Florence, early XVI century. Although widely considered a genius by his contemporaries, Michelangelo Buonarroti (Alberto Testone) is reduced to poverty and depleted by his struggle to finish the ceiling of the Sistine Chapel. When his commissioner and head of the Della Rovere nobility Pope Julius II dies, Michelangelo becomes obsessed with sourcing the finest marble to complete his tomb. The artist’s loyalty is tested when Leo X, of the rival Medici family, ascends to the papacy and charges him with a lucrative new commission – the façade of the San Lorenzo basilica. Forced to lie to maintain favor with both families, Michelangelo is progressively tormented by suspicion and hallucinations, leading him to ruthlessly examine his own moral and artistic failings. Written and directed by Andrei Konchalovsky, SIN is a gripping reflection on the agony and ecstasy of individual greatness, and the profound humanity behind the legend of the Renaissance.
- "Andrei Konchalovsky’s handsomely lensed film about the great Italian artist grapples with how to create divine works amid earthly travails…There’s a painterly sensibility to Konchalovsky’s vision throughout. Along with his frequent DP, Aleksander Simonov, the filmmaker makes the Carrara quarry a vision of the sublime."
- "[S]olidly cinematic, Andrei Konchalovsky’s Michelangelo biopic “Sin” sees the veteran Russian filmmaker tackling the mystery of genius with what might be described as sumptuous grit."
- "A richly immersive study in genius told in Italian by the 83-year-old Russian director Andrei Konchalovsky… situates the audience both in Michelangelo’s cruel and soiled world and in his self-lacerating, perfervid mind."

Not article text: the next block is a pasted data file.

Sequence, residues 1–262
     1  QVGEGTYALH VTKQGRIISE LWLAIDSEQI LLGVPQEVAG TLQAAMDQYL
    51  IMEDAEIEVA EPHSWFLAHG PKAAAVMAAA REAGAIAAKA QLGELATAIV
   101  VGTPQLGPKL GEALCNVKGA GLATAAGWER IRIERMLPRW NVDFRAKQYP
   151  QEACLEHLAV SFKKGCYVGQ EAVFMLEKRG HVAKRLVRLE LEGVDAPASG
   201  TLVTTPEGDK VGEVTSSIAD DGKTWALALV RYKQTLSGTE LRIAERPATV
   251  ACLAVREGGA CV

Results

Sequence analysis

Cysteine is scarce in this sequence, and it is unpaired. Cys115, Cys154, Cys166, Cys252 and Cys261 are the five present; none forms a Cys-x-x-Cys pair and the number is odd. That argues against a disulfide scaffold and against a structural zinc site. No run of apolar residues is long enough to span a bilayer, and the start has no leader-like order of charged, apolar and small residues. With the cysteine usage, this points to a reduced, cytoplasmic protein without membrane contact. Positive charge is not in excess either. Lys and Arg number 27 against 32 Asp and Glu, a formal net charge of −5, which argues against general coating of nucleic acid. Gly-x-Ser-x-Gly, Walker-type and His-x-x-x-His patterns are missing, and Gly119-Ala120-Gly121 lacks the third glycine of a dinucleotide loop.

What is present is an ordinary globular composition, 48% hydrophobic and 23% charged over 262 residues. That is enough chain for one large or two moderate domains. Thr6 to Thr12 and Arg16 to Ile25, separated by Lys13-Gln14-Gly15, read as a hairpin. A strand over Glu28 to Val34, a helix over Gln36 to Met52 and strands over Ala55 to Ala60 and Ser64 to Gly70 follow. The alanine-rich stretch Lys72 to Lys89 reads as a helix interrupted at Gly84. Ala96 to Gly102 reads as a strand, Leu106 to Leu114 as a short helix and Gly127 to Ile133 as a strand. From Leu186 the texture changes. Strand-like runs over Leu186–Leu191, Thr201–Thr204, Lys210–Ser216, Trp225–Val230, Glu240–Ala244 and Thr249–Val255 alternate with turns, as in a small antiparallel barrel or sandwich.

- "Sin gives vibrant expression to the paradox of Michelangelo’s art…Andrei Konchalovsky’s film is fascinated with the creation of great art in the midst of socio-political turmoil."
- "At its essence, the new movie SIN is a grand film about the decidedly unglamorous logistics of making art."
- "The veteran, Oscar-nominated director Andrei Konchalovsky’s sumptuously shot, rowdy, warts-and-all portrait of the artist Michelangelo, Sin (Il Piccato) shows that, at 82, the mercurial director has lost none of his ability to surprise… An intoxicating insight into an artist’s inspiration… Production design and cinematography conjure one viscerally compelling vista after another – whether beauteous landscape, or Roman and Florentine streets that are dilapidated and disgusting… Stands comparison with Derek Jarman’s CARAVAGGIO as a fascinating portrait of an artist fighting to survive."
- "An austere, demanding sit, “Sin”… nevertheless has a stubborn integrity in exploring the competing forces of patronage and creative inspiration that Michelangelo confronted in the 16th century."
Awards & Recognition
Tallinn Black Nights Film Festival
Rome Film Festival
Cairo International Film Festival